1650 in literature

From Wikipedia, the free encyclopedia
Jump to: navigation, search
            List of years in literature       (table)
... 1640 . 1641 . 1642 . 1643 . 1644 . 1645 . 1646 ...
1647 1648 1649 -1650- 1651 1652 1653
... 1654 . 1655 . 1656 . 1657 . 1658 . 1659 . 1660 ...
Art . Archaeology . Architecture . Literature . Music . Philosophy . Science +...

The year 1650 in literature involved some significant literary events and new works.

Events[edit]

  • Blaise Pascal's poor health forces him to retire from the study of mathematics.
  • Parliament appoints a commission for the propagation and preaching of the gospel in Wales, advised by Vavasor Powell.[1]
  • Despite the official prohibition against stage plays in England, theatrical manager and promoter William Beeston finances repairs to the Cockpit Theatre and attempts to assemble and train a company of young actors. His effort is unsuccessful.
  • Under this year's Blasphemy Act, English radical Jacob Bauthumley is arrested, convicted and has his tongue pierced on account of his book The Light and Dark Sides of God.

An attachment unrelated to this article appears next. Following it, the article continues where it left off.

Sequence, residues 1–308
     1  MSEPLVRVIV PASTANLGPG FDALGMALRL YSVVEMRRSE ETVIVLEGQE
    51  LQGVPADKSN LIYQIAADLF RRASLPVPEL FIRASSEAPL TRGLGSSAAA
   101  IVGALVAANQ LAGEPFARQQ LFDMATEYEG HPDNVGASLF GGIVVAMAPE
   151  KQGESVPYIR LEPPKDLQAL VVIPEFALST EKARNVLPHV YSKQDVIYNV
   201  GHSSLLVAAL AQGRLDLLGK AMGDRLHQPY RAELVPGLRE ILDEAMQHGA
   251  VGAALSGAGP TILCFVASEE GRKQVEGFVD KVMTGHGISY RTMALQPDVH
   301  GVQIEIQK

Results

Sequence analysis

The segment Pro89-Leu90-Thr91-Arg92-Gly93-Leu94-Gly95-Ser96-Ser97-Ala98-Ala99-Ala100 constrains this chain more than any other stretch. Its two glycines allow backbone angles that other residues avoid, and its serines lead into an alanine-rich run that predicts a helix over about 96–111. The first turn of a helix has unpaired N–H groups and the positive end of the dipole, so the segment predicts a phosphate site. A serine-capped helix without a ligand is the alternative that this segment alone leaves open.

• Robert Baron publishes his plagiarized work Pocula Castalia, stealing mainly from the minor poems of John Milton issued in 1645.
  • At about this date Agneta Horn writes her autobiography, Agneta Horns leverne, in Swedish; it will not be discovered until 1885.

New books[edit]

New drama[edit]

Poetry[edit]

Births[edit]

Deaths[edit]

References[edit]

  1. ^ Rees, T. (1861). History of Protestant Nonconformity in Wales. 
  2. ^ De Grave, Kathleen (2006-05-31). "Anne Bradstreet". The Literary Encyclopedia. Archived from the original on 2013-06-22. Retrieved 2012-04-29.